Feb 21, 2008 - Sale 2137

Sale 2137 - Lot 223

Price Realized: $ 6,000
?Final Price Realized includes Buyer’s Premium added to Hammer Price
Estimate: $ 6,000 - $ 8,000
A NICE ASSOCIATION COPY (LITERATURE AND POETRY.) CUNARD, NANCY, Compiler and editor. Negro Anthology made by Nancy Cunard 1931-1933. Copious illustrations throughout. Large, thick 4to, original rough, reddish-brown linen, stamped and lettered in red; very slightest rubbing to the tips, paper flaw to the margin of leaf 64-65, otherwise a very fine copy. London: Wishart, 1934

Additional Details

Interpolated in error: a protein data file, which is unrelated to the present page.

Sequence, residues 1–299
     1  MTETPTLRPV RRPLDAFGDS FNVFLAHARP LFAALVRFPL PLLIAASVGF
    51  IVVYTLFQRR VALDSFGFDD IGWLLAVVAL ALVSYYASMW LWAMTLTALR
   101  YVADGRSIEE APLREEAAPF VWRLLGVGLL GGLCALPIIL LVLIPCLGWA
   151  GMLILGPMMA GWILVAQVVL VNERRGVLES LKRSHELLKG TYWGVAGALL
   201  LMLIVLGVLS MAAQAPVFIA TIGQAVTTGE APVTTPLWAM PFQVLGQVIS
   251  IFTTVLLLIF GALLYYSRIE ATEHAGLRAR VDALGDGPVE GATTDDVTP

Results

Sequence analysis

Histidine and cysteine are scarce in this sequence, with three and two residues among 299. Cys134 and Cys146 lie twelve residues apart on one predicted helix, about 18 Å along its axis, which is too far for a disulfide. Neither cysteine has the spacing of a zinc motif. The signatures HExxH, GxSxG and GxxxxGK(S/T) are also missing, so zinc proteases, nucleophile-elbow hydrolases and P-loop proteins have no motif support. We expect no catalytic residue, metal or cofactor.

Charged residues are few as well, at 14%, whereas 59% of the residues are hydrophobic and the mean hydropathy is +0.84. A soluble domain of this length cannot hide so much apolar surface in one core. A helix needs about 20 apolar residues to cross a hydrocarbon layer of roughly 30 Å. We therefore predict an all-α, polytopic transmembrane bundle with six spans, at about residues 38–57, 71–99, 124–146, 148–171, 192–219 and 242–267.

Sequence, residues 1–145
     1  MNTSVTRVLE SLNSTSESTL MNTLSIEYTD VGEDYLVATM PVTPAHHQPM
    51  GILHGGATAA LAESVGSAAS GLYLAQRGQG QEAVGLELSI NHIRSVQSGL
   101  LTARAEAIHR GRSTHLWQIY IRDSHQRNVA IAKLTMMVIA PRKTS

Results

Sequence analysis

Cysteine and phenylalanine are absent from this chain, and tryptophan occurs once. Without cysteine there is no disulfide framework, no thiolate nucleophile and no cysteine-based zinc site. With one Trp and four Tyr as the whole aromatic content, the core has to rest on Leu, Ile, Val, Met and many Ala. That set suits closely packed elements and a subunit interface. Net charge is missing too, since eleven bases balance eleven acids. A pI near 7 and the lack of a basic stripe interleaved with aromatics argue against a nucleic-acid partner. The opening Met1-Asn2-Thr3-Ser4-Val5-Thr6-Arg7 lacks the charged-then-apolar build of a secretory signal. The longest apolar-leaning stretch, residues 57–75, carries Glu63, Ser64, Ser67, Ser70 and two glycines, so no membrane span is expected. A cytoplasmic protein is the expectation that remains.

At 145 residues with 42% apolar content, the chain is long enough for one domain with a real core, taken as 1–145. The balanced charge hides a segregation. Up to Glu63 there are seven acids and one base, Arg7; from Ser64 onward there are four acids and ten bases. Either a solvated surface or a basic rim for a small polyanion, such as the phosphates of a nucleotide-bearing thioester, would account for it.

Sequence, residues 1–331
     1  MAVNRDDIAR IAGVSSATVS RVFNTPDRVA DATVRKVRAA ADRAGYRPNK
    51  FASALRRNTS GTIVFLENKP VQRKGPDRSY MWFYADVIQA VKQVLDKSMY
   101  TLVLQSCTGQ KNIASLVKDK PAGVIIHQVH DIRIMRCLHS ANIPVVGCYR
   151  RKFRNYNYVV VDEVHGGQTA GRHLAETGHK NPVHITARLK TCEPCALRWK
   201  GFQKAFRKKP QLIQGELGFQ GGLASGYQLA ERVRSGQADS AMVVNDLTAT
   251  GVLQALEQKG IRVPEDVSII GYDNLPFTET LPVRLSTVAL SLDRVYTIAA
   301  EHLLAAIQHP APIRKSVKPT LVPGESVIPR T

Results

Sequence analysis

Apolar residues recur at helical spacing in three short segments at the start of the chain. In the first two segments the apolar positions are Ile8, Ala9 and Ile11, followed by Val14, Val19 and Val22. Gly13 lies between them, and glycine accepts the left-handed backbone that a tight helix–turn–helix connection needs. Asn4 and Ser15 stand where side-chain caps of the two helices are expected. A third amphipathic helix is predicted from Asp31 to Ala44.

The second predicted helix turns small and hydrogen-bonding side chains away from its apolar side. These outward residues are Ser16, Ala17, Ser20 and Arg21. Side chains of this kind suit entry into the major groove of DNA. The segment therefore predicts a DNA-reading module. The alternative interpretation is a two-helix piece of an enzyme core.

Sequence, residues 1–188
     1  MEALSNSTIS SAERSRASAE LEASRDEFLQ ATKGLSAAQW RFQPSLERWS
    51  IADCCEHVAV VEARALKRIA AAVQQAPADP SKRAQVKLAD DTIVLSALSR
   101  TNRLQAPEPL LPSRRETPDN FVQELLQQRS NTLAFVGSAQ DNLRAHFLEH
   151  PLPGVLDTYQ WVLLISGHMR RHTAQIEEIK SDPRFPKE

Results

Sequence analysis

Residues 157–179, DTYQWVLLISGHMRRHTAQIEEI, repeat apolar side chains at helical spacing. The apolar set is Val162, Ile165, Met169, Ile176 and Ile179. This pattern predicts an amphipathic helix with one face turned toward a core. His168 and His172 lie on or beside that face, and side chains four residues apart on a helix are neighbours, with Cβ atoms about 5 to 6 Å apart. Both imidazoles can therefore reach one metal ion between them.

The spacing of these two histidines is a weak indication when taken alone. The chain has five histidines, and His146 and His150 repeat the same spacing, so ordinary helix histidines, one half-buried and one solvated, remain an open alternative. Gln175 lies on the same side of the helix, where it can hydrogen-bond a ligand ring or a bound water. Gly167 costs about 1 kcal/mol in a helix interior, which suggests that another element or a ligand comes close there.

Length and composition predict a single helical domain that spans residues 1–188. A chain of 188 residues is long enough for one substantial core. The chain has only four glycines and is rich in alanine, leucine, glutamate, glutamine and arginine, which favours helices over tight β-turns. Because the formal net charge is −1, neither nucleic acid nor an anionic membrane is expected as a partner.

first edition. One of 1000 copies printed, at least half of which were purportedly lost during the bombing of London. A fine association copy bearing the ownership signature of Guy B. Johnson, editor of the Amsterdam News, one of the longest ongoing African-American newspapers in the nation. Johnson has made a couple of pencil notes, one of which appears in the margin of Nancy Cunard's "Foreward" in which she states "At no time in the history of America have the been so many lynchings . . ." Johnson wrote "Phooey!" On the following page, Cunard wrote "Today in Russia alone is the Negro a free man, 100 per cent equal." Johnson wrote "Practically no Negroes in Russia." Despite Johnson's wry comments, Cunard's Anthology is an extraordinary compilation of writing by and about people of African descent. Contributors include just about every member of the Harlem literati, black scholarly and political communities of the day, with many historical entries regarding the Negro in Africa and the diaspora. The Anthology was dedicated to Henry Crowder, jazz musician and Cunard's lover, ". . . my first Negro friend." The daughter of Cunard Shipping magnate Bache Cunard, Nancy shocked her parents and their peers with her bohemian life in Paris. In 1931 she published a small booklet titled "Black Man, White Ladyship" (see lot 222) in which she discussed race for the first time.